When people hear the term portfolio manager, or asset management, they often think of the investment professionals who manage assets in mutual funds.
But for most families and individuals, it’s about a trusted advisor reviewing your portfolio to ensure it’s appropriately diversified across a wide range of asset classes. It also involves monitoring—and, when necessary, adjusting—the asset allocation (the mix of stocks, bonds and cash) in each of your accounts to meet your short- and long-term financial goals and stay within your risk tolerance.
Being your own portfolio manager takes time, expertise and discipline. The wrong asset management approach could jeopardize your retirement, college savings for children or heirs, major expenses, emergency funds, charitable giving and more.
And you’ll want to ensure your investments aren’t costing you hundreds or thousands of dollars each year in excessive fees.
That’s why many investors leave these critical investment portfolio management responsibilities in the hands of a qualified, fee-only fiduciary financial advisor. These portfolio professionals take a holistic view of your wealth management goals and how your money is being invested for many different purposes.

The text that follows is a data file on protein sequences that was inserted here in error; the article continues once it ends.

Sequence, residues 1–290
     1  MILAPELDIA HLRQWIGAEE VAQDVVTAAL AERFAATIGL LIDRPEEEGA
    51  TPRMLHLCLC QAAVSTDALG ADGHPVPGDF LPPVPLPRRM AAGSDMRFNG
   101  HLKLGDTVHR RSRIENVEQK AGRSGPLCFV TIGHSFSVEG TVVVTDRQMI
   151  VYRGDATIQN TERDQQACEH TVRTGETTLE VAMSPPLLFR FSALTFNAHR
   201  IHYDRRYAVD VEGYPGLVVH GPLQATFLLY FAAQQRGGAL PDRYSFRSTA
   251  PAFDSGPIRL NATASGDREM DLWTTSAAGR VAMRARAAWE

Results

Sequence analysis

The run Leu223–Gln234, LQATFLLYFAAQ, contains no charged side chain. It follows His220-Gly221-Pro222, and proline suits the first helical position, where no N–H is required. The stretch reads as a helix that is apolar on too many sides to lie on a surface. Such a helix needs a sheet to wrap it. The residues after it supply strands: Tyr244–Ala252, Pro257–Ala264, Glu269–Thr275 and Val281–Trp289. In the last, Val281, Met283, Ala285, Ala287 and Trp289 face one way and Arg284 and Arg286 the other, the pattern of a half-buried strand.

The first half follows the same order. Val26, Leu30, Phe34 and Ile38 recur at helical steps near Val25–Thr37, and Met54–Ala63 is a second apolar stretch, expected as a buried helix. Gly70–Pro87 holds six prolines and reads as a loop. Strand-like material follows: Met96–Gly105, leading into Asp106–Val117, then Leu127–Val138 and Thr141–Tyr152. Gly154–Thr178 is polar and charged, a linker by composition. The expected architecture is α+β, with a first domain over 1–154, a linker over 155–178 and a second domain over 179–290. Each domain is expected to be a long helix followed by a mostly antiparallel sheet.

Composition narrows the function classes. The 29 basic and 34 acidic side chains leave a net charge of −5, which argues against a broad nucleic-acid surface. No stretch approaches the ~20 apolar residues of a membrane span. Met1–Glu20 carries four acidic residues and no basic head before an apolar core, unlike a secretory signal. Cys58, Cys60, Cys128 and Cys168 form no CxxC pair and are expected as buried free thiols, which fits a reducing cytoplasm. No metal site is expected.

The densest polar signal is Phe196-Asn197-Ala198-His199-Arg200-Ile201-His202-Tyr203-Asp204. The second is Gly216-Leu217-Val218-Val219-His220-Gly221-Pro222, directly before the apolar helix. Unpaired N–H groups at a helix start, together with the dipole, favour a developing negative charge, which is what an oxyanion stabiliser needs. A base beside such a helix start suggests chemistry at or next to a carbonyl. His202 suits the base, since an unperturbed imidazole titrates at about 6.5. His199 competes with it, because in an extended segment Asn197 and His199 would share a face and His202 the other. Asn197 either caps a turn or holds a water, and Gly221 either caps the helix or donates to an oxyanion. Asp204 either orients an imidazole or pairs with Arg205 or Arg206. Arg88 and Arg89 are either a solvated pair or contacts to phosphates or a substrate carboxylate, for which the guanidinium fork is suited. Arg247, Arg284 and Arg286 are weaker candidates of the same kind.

Key questions about asset management a financial advisor can answer
- What kinds of investment analysis and portfolio management services can a fee-only fiduciary financial advisor perform that I can’t do effectively on my own?
- How can a financial advisor make sure that my investments are appropriately diversified to reduce risk?
- What criteria and resources will a financial advisor use to analyze my portfolio and recommend changes?
- How will a financial advisor minimize investment taxes and other expenses?
Portfolio Management Challenges
How a financial advisor in the Wealthramp network can address your portfolio management challenges
Serving as your financial advocate, your fiduciary financial advisor in the Wealthramp network works directly for you. They’ll examine every aspect of your financial life and create a comprehensive plan to help you manage everyday expenses while growing your wealth over time.
And if you hire them to serve as your personal portfolio manager, they can:
Get expert portfolio management
The biggest portfolio management mistakes amateur investors make
Failing to implement an appropriate asset allocation strategy that aligns with your specific investment objectives across your accounts
Allowing capital gains generated by the sale of appreciated securities to push you into a higher tax bracket
Letting fees and commissions charged by expensive mutual funds cost you thousands of dollars every year
Giving in to emotional impulses to sell stocks during market downturns or buy stocks when prices have peaked
Focusing too much attention on price swings among individual securities or funds instead of taking a bird’s eye view of how each account—and your portfolio—are performing as a whole